Stapleton

Industry within Staten Island, and more specifically Stapleton, only truly took off in the 19th century. Previously, Staten Island was a rural borough that relied primarily on farming. Stapleton’s primary industries were the railroad (specifically construction of the railroad), the ferry, shipbuilding, and breweries. Although through the last century there has been an overall decline in the industries in Stapleton, there is evidence that certain industries are coming back to the community.

At the start of the 19th century, Staten Island’s population had boomed, especially on the northern and eastern shores of the island. With the increased population came the need for better transportation within the island.

To resolve the issue of transportation within the island and to modernize with the rest of New York, in 1836, “a group of Staten Islanders…received charter to incorporate the Staten Island Railroad” into the rest of the city’s growing rail system [2]. However, the group never began construction of the railroad. In 1851, plans were draw up to finally construct a railroad between Tottenville and Stapleton. The railroad finally opened in stages from April 23 and June 2 1860.

 

Before the completion of the Staten Island Railroad (SIRR), residential and industrialgrowth had been booming. However almost immediately after its completion, the island’s growth had slowed down. This had nothing to do with the railroad. It actually was the result of American Civil War. During the war, Staten Island was used as a military encampment and a training ground and several of the island’s ferries were commandeered by the US Navy and converted into battleships [2, 4].

 

The most known man in relation to the SIRR was Cornelius Vanderbilt. While he had nothing to do with the construction of the railroad, Vanderbilt owned the ferry terminals on Staten Island’s east coast (now Clifton), near where the railroad ended. In order keep earning money, Vanderbilt bought the railroad, and his family ran it as well as the ferry until 1871. With the inclusion of Vanderbilt’s ferry, a trip from Tottenville to Lower Manhattan took only ninety minutes [2].

 

 

Shipbuilding was a very large industry in Staten Island as whole but only played a small role in Stapleton’s industrial history. There were a total of “17 shipyards on Staten Island by 1880” and one of these piers, the Stapleton Pier was located in Stapleton [5,6]. This port primarily produced tugboats, propeller ships, yachts, and coal barges but by the mid-twentieth the pier had fallen into disuse.

 

 

However the Stapleton Pier is now used for other purposes than shipbuilding. In the late 1980’s the US Navy Strategic Homeporting Berthing Pier was constructed over the old pier. This pier was constructed in order to house the “USS Iowa Battleship Group.” In addition to the construction of this pier, the area around it is also being revitalized. This port was projected to create more than 4,000 jobs and nearly $400 million in additional revenue for the city.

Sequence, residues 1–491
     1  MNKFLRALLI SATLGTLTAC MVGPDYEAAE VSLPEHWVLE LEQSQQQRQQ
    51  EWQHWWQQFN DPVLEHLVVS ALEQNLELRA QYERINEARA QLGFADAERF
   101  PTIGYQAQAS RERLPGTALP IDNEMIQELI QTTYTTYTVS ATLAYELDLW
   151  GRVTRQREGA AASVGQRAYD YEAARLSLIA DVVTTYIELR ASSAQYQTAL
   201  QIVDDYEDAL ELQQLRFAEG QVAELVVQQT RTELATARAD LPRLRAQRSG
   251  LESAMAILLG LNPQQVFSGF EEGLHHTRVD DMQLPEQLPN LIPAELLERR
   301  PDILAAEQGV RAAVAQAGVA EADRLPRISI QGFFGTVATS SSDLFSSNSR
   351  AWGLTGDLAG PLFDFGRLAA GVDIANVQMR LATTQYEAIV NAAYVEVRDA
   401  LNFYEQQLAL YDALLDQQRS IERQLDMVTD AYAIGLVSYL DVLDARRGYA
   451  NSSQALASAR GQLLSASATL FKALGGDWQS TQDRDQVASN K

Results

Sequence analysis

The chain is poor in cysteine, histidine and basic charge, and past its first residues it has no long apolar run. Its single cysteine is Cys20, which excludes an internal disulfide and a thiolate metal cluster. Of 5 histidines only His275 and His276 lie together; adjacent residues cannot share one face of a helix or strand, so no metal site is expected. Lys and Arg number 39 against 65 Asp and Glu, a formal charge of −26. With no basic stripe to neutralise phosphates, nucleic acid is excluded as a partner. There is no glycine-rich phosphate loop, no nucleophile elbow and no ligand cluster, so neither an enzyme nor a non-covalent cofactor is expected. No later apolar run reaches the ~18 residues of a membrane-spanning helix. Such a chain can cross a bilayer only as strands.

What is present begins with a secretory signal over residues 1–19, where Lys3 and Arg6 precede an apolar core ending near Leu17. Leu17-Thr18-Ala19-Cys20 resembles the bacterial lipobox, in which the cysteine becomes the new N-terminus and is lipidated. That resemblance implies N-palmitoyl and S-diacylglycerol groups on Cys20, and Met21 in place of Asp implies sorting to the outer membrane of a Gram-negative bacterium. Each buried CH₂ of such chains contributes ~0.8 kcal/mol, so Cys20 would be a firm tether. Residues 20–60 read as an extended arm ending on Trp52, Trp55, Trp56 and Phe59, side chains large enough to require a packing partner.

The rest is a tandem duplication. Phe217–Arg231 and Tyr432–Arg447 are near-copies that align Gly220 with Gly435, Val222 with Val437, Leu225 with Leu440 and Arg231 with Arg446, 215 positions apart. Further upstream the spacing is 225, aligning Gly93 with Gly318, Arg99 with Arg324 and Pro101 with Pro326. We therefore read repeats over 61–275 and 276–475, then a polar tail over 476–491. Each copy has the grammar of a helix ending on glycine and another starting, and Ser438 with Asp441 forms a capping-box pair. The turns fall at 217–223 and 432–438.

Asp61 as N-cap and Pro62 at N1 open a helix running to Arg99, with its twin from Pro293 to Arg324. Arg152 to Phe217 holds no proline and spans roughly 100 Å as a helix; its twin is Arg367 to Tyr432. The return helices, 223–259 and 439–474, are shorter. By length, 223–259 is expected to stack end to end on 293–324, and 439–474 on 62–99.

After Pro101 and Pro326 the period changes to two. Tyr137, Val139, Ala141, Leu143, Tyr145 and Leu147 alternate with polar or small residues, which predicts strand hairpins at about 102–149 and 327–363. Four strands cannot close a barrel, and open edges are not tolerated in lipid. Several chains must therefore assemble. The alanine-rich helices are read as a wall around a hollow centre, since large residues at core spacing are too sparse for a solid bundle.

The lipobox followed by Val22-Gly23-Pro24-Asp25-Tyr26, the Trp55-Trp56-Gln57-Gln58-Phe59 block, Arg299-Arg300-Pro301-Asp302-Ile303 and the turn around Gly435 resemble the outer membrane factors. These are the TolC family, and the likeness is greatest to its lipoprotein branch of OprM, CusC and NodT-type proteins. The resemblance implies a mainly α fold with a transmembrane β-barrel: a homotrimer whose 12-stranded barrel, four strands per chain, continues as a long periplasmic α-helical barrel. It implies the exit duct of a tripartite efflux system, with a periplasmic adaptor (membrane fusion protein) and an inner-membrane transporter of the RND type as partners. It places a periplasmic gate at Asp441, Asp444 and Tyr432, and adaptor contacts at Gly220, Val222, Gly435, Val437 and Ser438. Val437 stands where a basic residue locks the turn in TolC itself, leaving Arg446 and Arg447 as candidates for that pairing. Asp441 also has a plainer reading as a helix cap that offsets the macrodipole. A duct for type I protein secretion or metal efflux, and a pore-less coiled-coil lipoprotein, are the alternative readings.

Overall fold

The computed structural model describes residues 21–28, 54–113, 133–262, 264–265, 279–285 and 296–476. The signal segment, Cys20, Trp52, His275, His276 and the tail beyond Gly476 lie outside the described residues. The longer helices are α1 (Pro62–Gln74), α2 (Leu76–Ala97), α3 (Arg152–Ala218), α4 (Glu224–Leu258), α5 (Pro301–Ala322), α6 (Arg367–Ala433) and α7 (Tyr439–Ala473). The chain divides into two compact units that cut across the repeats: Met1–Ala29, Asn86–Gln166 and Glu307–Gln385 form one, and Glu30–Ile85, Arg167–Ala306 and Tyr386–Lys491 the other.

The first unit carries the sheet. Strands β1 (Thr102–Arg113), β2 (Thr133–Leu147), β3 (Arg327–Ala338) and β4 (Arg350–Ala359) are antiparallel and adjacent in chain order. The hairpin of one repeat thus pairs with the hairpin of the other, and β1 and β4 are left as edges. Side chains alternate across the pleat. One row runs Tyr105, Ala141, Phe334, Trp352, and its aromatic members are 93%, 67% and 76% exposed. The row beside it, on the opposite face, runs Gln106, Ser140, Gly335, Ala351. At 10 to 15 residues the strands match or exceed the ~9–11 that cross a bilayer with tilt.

By the mid-1800’s, there were several breweries operating out of Staten Island. Schmidt’s Constanz Brewery (which was part of the Bachmann-Bechtel Company) was one of the breweries operated out of Stapleton. Like the other breweries on Staten Island, it was largely successful. However during Prohibition, Bachmann-Bechtel Company “failed almost immediately.” By the end of Prohibition only the Stapleton based brewery, Rubsam and Horrmann’s, “managed to survive” [3]. However Rubsam and Horrmann’s good fortune did not last much longer. Like many small businesses in the 1940’s and 1950’s, Rubsam and Horrmann’s struggled to compete with “large regional and national companies” [3]. The brewery shut down in 1953 and was eventually bought by Piel Brothers, Inc. Piel was then purchased by Drewry’s Limited U.S.A, Inc. Finally in 1976 the Rubsam and Horrmann complex was demolished.

 

Citations:

[1] Ferreri, James G., and David Goldfarb. Stapleton. N.p.: Arcadia Publishing, 2012. Accessed April 15, 2012. http://books.google.com/books?hl=en&lr=&id=CFI_tZRUVY8C&oi=fnd&pg=PA6&dq=stapleton+ferry&ots=eyWB3xSRax&sig=s5NuAJuw58XzRWfxgSbxoMbVsi8#v=onepage&q&f=false.

[2] Minn, Michael. “History and Future of the North Shore Rail Line on Staten Island.” Accessed April 15, 2012. http://www.michaelminn.net/newyork/infrastructure/north_shore_railroad/north-shore-web.pdf.

[3] Sachs, Charles L. “Made on Staten Island.” Accessed April 15, 2012. http://eportfolios.macaulay.cuny.edu/sibilia12/files/2012/01/Made_On_Staten_Island_67-113.pdf.

[4] “Staten Island Timeline-1500’s to 1700.” Accessed April 15, 2012. http://www.statenislandhistory.com/historic-timeline.html.

[5] “Military-Mariners Harbor, Staten Island.” Accessed April 15, 2012. http://www.globalsecurity.org/military/facility/staten-island.htm.

[6] “Military-Naval Station New York Stapleton Pier / USS The Sullivans Pier Stapleton, Staten Island, NY.” Accessed April 15, 2012. http://www.globalsecurity.org/military/facility/staten_island.htm.

 

One Response to Stapleton

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